Nor can plaintiffs complain of the court's action in conditioning the admissibility of a hospital record on the elimination from it of a diagnosis of defendant's condition as ‘HBD 2-plus.’ It is conceded that this item relates to defendant's intoxication. But the record is replete with evidence of his intoxication. The trial court has a broad discretion to exclude cumulative evidence. People v. Albert, 182 Cal.App.2d 729, 742, 6 Cal.Rptr. 473. As was stated in People v. King, 104 Cal.App.2d 298, 309, 231 P.2d 156, 162, ‘While it may be that there frequently are some things recorded on a hospital chart that in a strict sense may not be admissible, such items can be excluded therefrom upon the making of a proper objection * * *.’ It cannot be said to be error for the trial judge to have excluded this unexplained, cryptic, technical abbreviation, which could only have served to confuse the jury, especially in light of the fact that there was already abundant testimony relating to defendant's intoxication.

In plaintiffs' final contention for a general reversal it is argued that the trial judge made certain prejudicial statements in the presence of the jury. This contention is of such an insubstantial nature that it merits no further comment.

Plaintiffs present the additional contention that the court erred in instructing the jury as to contributory negligence with respect to Grossman. With this contention we agree. With respect to contributory negligence, the jury was given the general definition and was told that one who is guilty of contributory negligence may not recover from another for the injuries suffered, and if they found that ‘plaintiff’ was negligent, and that this negligence was a proximate cause of the injury, then they must find for defendant. Although contributory negligence had not been pleaded against Grossman, these instructions were submitted to the jury without any qualification with respect to him. The parties have stipulated that imputed negligence is not in issue, and it does not appear that there is any evidence to support a finding that Grossman was negligent. The only evidence as to Grossman's activities indicates that he participated in the decision to investigate the Dodge and he operated the flashlight which was used to attract the driver's attention. Neither of these acts could reasonably be considered to be a failure to exercise the care of a reasonably prudent man. There is no evidence to show that Grossman in any way directed Witt in the conduct of the investigation or the manner in which he drove the car. We must therefore conclude that as a matter of law, Grossman was not guilty of contributory negligence. In Christensen v. Bocian, 169 Cal.App.2d 223, 226, 336 P.2d 1018, 1020, it was stated: ‘It is not the law that under all possible circumstances one who is riding as a guest in such a vehicle must watch the road and the driver, and hold himself in readiness to give directions to the driver concerning the dangers of the road.’ In that case plaintiff was a passenger in an auto driven by another, which auto collided with that of defendant. It was held that plaintiff was free from contributory negligence as a matter of law, and that it was therefore prejudicial error to instruct the jury on contributory negligence. On page 229, of 169 Cal.App.2d, on page 1022 of 336 P.2d, the court stated: ‘That the giving of the instruction on contributory negligence * * * was highly prejudicial is apparent when it is recalled that plaintiff was not chargeable with the negligence of her driver * * *, and the instruction on contributory negligence created an insoluble question of whether the verdict [for defendant] was based on [the question of] defendant['s] negligence or some assumed negligence of plaintiff.’ Still more in point is Kollert v. Cundiff, 50 Cal.2d 768, 329 P.2d 897. In that case, as in this, both driver and passenger brought an action. In that case, as in this, contributory negligence was not pleaded as against the passenger. And in that case, as in this, the evidence would support a finding that both the driver and the defendant were negligent. And also in that case, as in the case at bar, the issue of contributory negligence was submitted to the jury as to both plaintiffs. On pages 771–772 of 50 Cal.2d, at page 899 of 329 P.2d the opinion states: ‘The jury may have believed that [the passenger] was chargeable with [the driver's] negligence or that she in some degree failed to exercise due care for her own safety, and the erroneous instructions, when considered [together] with the evidence, may have improperly caused the jury to go beyond the issues pleaded and return the verdict against [the passenger] on the ground of contributory negligence. In these circumstances we are of the view that the erroneous instructions require that the judgment * * * be reversed.’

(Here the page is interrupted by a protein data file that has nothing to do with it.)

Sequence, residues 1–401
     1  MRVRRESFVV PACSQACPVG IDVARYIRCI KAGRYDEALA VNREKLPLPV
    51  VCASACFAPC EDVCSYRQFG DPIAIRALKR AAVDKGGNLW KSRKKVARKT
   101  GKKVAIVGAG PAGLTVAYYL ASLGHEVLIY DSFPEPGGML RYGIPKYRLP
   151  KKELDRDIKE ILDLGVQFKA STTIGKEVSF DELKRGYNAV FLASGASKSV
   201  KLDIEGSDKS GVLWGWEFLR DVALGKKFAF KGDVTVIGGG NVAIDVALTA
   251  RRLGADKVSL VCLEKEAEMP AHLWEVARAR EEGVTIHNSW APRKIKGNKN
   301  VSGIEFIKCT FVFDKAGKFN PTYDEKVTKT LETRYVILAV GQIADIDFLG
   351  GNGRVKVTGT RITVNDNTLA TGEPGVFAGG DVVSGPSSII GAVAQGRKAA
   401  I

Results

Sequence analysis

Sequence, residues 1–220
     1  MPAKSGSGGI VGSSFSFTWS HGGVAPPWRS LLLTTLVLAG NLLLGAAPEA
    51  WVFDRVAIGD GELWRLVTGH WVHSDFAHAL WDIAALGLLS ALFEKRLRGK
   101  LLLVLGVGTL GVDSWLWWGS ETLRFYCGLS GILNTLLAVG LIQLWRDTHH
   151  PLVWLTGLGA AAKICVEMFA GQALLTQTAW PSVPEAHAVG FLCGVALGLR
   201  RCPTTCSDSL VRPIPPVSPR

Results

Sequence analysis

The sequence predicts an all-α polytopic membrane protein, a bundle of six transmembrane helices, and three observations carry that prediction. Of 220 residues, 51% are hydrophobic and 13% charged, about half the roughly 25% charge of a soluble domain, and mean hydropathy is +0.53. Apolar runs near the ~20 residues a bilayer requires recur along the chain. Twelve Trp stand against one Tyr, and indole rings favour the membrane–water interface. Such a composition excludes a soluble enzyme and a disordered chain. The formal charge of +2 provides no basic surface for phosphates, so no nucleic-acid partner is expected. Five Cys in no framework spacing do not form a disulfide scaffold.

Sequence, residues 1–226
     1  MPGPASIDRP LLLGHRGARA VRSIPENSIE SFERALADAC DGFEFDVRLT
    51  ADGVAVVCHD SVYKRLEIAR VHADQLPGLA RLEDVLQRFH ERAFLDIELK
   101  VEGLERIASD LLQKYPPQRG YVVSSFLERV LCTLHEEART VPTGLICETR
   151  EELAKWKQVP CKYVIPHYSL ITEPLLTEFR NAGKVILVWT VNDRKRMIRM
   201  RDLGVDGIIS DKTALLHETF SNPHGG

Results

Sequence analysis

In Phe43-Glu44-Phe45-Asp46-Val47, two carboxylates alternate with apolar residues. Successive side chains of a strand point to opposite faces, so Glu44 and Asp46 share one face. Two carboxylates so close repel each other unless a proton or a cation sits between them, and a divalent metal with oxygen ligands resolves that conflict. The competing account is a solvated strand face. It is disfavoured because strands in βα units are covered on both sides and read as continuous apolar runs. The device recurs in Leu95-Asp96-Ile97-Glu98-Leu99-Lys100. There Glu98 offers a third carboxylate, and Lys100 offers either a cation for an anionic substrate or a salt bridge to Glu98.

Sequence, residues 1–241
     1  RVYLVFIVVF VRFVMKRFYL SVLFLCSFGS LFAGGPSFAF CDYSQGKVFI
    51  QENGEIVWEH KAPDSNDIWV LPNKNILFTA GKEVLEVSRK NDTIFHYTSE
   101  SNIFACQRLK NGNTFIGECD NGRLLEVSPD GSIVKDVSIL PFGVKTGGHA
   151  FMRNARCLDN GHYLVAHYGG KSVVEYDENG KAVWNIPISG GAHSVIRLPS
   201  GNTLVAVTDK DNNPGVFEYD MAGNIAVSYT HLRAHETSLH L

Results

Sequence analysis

Defendant argues that plaintiffs requested B.A.J.I. No. 52, to the effect that the instructions are to apply to each plaintiff unless otherwise stated,1 and that any error resulting therefrom was therefore invited by plaintiffs. This argument misses the mark. The error complained of is that the jury was instructed at defendant's request as to contributory negligence generally without limiting its application with respect to plaintiff Witt. B.A.J.I. No. 52 was requested in conjunction with B.A.J.I. No. 52(b) which requires the jury to assess the damage of each plaintiff separately in the event they find that both are entitled to recover. It is a perfectly proper instruction. The error lay in the failure to qualify the otherwise proper general instructions on contributory negligence. Kollert v. Cundiff, supra.

The judgment is affirmed as to plaintiff Witt and intervenor and reversed as to plaintiff Grossman.

FOOTNOTES

1.  The complete instruction reads: ‘Although there are three plaintiffs in this action, the case of each is separate from, and independent of, that of the others. The law permits them to join as plaintiffs solely because their claims involve the same accident. However, their rights, if any are separate, not joint. The instructions given you apply to each plaintiff unless otherwise stated, and you will determine each plaintiff's case separately, to the same effect as if you were trying separate actions.’

FOR, Presiding Justice.

ASHBURN, J., and McMURRAY, J. pro tem., concur.